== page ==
Well, sod that, I like characters and stories.
So I read Robert McKee’s Story. You’ve probably heard of McKee. He’s a Hollywood script doctor who runs massively successful lecture tours. Charlie Kaufman’s Adaptation does a great job of making fun of him, and Story deserves a certain amount of satirising. McKee likes a religious-sounding bit of terminology – it’s ‘controlling idea’ this, and ‘inciting incident’ that. There are a lot of diagrams. I did, however, learn quite a bit about the classic three-act structure, which has, of course, been around for hundreds of years. It’s good to know the basic techniques that underpin your trade, even if you want to ignore them. Also, beneath McKee’s buzzwords lie some sound, straightforward bits of advice: an ‘inciting incident’ is actually just the big event that happens near the start of a book, which creates a need in the central character. Robert McKee suggests that should happen in the first few pages. As obvious as that sounds, many agents and publishers (and other readers) will tell you it’s not always agiven.
He also goes over ideas like Conflict, and The Crisis (basically, the bit in the story where Luke has to decide whether to join the dark side or throw himself down the chute). Well-respected literary writers like David Vann continue to talk about such ideas, sometimes in relation to the more subtle stories of Flannery O’Connor and William Faulkner (http://tinyurl.com/y5qumya- this is worth reading).
However, where I depart from McKee is on the idea of cold-plotting - planning it all outbefore you start. I gave it a gobefore embarking on book two. The problem is, when I just wrote the plot, nothing looked interesting. The characters were flat, the events a bit meaningless. So I tried to increase the number of twists (“Every scene must turn,” bellows McKee). By the second act of my synopsis, I’d revealed that most of the characters were each other’s dads. The third act was all about how one of the central characters turned out to be a panther. Ha! I thought. You didn’t see that coming did you, readers? Eh? No. No reader would ever see that coming because they would never be allowed to read it.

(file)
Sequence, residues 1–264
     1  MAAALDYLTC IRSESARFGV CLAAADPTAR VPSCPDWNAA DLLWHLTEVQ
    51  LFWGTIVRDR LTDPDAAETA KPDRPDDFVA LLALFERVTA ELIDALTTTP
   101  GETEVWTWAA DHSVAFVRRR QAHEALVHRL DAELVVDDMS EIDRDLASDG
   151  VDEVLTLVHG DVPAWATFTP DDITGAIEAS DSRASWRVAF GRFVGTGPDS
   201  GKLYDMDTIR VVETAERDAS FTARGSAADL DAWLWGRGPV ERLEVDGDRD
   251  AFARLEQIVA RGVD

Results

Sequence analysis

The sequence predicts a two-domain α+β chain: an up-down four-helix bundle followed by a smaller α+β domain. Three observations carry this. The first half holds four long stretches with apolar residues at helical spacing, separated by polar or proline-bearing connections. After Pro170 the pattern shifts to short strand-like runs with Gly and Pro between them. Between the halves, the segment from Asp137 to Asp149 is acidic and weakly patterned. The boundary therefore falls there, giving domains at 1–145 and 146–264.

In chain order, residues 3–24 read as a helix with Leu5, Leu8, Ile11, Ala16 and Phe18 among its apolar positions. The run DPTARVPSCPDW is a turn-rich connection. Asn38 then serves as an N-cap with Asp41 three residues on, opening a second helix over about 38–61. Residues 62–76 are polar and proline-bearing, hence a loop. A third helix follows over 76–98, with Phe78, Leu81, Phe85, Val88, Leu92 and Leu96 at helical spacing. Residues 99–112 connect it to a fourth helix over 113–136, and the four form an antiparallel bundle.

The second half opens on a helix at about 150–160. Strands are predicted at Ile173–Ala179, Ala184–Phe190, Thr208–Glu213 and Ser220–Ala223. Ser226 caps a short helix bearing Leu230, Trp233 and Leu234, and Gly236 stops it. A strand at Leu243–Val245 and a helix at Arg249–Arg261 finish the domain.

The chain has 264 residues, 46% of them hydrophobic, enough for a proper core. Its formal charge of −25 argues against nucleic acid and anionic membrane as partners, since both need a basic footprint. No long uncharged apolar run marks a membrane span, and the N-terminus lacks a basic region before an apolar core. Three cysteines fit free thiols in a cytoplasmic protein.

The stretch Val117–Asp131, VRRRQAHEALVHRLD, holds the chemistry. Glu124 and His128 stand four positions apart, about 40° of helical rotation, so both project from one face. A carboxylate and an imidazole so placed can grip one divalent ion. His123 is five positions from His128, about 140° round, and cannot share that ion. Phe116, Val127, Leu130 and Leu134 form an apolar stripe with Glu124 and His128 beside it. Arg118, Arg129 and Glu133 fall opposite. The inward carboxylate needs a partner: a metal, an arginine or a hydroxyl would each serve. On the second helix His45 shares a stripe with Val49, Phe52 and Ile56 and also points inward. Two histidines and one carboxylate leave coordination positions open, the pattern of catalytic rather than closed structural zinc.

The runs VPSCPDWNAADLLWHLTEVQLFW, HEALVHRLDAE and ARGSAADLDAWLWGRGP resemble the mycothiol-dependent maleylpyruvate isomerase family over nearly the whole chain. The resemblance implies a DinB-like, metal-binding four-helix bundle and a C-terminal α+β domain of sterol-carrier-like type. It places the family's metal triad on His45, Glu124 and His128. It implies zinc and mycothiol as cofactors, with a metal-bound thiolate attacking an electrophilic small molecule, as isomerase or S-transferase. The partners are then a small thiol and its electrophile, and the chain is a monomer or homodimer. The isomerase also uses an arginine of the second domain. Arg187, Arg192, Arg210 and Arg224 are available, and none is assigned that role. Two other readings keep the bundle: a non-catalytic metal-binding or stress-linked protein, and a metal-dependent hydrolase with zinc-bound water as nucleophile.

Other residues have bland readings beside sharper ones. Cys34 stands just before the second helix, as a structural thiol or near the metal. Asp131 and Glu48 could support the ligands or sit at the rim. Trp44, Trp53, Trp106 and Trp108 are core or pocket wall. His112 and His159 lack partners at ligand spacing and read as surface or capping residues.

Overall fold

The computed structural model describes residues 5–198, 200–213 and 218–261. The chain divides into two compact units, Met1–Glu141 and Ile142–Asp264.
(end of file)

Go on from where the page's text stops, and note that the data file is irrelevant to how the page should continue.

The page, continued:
Discouraged, I shelved this cold plot, and started jotting down notes on the early train to work, figuring that was all the writing I would ever do. One of these notes, scribbled in the back of a published novel, was about the small buttons on the sleeve of a cashmere jumper worn by a fellow commuter, and the second was about a depressed falconer who is in love with a dead man. Those two notes became Maggie and Louisa, the protagonists of my novel, The Hunger Trace. There are a few twists in The Hunger Trace, but nobody turns into a panther. Sorry to spoil the ending.
Louisa, obsessed with her ungiving birds, and shunning the human company that she actually deeply wants, really excited me, and her needs began to drive a new story. And the conflict with Maggie, her vibrant young neighbour, gave rise to plenty of scenes. But where had these characters come from? Certainly not from cold-plotting.